The richest seam: Mining companies have dug themselves out of a hole (The Economist – March 11, 2017)

Electric vehicles and batteries are expected to create huge demand for copper and cobalt

FOR mining investors there is something sinfully alluring about Glencore, an Anglo-Swiss metals conglomerate. It is the world’s biggest exporter of coal, a singularly unfashionable commodity. It goes where others fear to tread, such as the Democratic Republic of Congo (DRC), which has an unsavoury reputation for violence and corruption. It recently navigated sanctions against Russia to strike a deal with Rosneft, the country’s oil champion.

Yet Glencore could still acquire a halo for itself. It is one of the world’s biggest suppliers of copper and the biggest of cobalt, much of which comes from its investment in the DRC. These are vital ingredients for clean-tech products and industries, notably electric vehicles (EVs) and batteries.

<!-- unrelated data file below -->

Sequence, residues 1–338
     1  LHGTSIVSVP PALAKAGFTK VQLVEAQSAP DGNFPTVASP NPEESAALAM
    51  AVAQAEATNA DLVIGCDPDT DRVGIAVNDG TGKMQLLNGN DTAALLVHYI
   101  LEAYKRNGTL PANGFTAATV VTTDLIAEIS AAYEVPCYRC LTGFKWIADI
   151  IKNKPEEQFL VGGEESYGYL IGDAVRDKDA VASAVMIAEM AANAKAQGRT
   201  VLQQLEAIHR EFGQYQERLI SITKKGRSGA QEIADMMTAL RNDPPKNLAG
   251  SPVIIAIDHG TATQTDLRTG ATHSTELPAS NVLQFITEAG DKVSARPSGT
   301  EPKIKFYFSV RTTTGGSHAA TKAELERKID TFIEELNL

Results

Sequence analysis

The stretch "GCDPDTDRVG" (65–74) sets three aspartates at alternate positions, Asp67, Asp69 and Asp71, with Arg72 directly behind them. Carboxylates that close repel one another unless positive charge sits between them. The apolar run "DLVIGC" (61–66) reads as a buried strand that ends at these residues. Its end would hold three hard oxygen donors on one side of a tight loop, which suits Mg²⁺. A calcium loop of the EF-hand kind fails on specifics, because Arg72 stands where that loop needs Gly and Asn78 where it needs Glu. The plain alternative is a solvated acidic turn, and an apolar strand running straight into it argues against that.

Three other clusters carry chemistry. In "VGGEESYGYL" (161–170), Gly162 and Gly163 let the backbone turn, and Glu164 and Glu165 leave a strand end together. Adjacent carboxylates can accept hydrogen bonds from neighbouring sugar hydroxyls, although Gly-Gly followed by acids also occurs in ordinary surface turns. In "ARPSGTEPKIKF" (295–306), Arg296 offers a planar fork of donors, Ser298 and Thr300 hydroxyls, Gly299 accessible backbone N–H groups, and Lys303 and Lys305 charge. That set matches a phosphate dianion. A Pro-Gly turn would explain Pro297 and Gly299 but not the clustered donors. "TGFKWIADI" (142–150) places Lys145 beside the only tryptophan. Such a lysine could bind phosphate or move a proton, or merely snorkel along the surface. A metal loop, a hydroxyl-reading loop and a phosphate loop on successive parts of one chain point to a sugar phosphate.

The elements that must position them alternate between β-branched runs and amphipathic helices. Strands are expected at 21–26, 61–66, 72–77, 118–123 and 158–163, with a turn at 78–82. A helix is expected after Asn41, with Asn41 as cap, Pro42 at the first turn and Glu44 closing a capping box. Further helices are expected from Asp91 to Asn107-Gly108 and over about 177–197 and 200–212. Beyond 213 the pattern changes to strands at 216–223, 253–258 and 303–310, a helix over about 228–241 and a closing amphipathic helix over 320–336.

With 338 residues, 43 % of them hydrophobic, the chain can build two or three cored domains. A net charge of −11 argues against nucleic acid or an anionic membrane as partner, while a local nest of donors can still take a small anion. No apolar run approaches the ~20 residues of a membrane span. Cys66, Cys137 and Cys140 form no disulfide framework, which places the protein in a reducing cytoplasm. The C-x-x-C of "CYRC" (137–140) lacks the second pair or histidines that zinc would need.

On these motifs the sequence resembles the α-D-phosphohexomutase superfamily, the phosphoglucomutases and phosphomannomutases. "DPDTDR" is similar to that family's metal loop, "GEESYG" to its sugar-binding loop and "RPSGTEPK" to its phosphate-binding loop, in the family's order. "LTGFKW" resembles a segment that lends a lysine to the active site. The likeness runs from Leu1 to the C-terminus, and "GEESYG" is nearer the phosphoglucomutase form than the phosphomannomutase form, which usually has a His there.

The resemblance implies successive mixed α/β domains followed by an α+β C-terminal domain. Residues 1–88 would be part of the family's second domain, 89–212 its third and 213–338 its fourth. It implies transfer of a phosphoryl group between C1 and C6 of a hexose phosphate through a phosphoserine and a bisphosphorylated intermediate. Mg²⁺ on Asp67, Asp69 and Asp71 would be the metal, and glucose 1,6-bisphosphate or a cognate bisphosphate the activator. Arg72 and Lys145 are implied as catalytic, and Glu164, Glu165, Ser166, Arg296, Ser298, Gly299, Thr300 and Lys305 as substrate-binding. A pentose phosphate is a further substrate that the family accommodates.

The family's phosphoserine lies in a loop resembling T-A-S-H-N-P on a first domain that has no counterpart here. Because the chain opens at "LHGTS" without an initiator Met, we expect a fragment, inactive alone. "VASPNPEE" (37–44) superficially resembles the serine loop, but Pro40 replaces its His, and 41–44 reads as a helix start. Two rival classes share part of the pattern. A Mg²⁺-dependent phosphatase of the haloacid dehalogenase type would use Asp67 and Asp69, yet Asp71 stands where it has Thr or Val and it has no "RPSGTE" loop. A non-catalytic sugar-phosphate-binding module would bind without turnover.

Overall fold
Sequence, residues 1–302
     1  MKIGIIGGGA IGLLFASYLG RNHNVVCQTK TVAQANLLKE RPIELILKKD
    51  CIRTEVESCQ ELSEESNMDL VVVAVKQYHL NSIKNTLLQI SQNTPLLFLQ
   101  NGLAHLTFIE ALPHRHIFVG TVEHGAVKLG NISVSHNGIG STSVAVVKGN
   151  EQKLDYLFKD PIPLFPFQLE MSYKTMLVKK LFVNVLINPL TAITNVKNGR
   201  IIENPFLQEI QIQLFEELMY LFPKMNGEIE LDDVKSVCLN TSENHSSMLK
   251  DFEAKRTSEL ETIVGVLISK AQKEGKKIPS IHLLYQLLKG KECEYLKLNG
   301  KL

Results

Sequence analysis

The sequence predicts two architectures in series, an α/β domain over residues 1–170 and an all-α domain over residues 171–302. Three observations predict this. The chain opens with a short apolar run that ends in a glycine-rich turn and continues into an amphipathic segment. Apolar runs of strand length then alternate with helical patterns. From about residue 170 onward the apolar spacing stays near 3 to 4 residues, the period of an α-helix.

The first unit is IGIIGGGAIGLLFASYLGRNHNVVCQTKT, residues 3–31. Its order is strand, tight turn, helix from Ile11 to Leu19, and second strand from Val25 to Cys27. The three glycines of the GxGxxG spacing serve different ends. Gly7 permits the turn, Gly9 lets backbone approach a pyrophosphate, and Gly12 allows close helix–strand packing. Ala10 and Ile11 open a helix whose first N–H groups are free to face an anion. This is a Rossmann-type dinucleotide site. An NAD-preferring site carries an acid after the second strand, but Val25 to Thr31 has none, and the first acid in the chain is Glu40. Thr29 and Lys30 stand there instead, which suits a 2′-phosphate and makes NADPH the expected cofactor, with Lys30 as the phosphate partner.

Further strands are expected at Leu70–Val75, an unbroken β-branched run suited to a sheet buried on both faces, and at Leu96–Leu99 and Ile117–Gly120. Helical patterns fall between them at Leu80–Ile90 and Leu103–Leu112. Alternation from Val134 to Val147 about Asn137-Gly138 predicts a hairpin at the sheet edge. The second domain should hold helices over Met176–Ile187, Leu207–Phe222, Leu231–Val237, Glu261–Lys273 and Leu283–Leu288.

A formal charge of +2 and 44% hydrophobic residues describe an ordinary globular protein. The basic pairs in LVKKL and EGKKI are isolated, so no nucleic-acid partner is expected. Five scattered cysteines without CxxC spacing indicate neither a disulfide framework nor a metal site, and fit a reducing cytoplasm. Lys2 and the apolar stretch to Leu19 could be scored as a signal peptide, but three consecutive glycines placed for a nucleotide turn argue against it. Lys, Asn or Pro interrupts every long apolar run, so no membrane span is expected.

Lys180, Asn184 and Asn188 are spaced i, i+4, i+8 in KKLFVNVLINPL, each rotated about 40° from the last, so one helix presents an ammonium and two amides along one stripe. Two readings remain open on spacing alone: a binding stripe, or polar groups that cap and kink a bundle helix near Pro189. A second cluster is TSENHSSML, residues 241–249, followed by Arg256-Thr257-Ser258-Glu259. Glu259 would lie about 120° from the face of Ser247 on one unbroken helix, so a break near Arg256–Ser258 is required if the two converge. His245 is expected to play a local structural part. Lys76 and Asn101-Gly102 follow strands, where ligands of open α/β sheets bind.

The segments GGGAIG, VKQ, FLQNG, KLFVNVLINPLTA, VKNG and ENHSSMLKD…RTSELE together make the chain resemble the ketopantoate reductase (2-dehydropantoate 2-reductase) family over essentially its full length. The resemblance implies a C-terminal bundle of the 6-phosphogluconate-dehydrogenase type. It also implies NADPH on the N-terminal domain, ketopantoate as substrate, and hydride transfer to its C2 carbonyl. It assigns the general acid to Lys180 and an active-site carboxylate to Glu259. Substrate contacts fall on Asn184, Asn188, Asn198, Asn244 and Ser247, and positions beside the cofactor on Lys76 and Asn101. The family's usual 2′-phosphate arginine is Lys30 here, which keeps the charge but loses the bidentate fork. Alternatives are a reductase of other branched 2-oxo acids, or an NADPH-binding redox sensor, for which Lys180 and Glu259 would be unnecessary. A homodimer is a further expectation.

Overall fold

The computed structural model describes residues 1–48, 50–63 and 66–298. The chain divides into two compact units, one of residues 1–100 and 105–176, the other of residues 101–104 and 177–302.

The potential of “green” metals and minerals, which along with copper and cobalt include nickel, lithium and graphite, is adding to renewed excitement about investing in mining firms as they emerge from the wreckage of a $1trn splurge of over-investment during the China-led commodities supercycle, which began in the early 2000s.

The most bullish argue that clean energy could be an even bigger source of demand than China has been in the past 15 years or so. Optimism about the mining industry is a remarkable turnaround in itself. In the past four years the business has endured a slump that Sanford C. Bernstein, a research firm, judges to have been as deep as in the Depression.

In 2014-15 the four biggest London-listed miners—BHP Billiton, Rio Tinto, Glencore and Anglo American—lost almost $20bn of core earnings, or EBITDA, as commodities plunged. Glencore, which was hit hardest, scrapped its dividend and issued shares to rescue its balance-sheet.

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